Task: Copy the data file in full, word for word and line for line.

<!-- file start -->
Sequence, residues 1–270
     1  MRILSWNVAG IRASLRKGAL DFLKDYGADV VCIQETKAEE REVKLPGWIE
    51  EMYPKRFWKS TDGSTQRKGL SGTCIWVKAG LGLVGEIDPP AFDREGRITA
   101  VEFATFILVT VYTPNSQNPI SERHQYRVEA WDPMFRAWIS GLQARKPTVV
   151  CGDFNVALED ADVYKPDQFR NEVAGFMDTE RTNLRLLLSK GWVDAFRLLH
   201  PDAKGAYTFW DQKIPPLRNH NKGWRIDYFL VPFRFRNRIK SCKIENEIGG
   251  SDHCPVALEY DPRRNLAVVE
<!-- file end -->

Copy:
Sequence, residues 1–270
     1  MRILSWNVAG IRASLRKGAL DFLKDYGADV VCIQETKAEE REVKLPGWIE
    51  EMYPKRFWKS TDGSTQRKGL SGTCIWVKAG LGLVGEIDPP AFDREGRITA
   101  VEFATFILVT VYTPNSQNPI SERHQYRVEA WDPMFRAWIS GLQARKPTVV
   151  CGDFNVALED ADVYKPDQFR NEVAGFMDTE RTNLRLLLSK GWVDAFRLLH
   201  PDAKGAYTFW DQKIPPLRNH NKGWRIDYFL VPFRFRNRIK SCKIENEIGG
   251  SDHCPVALEY DPRRNLAVVE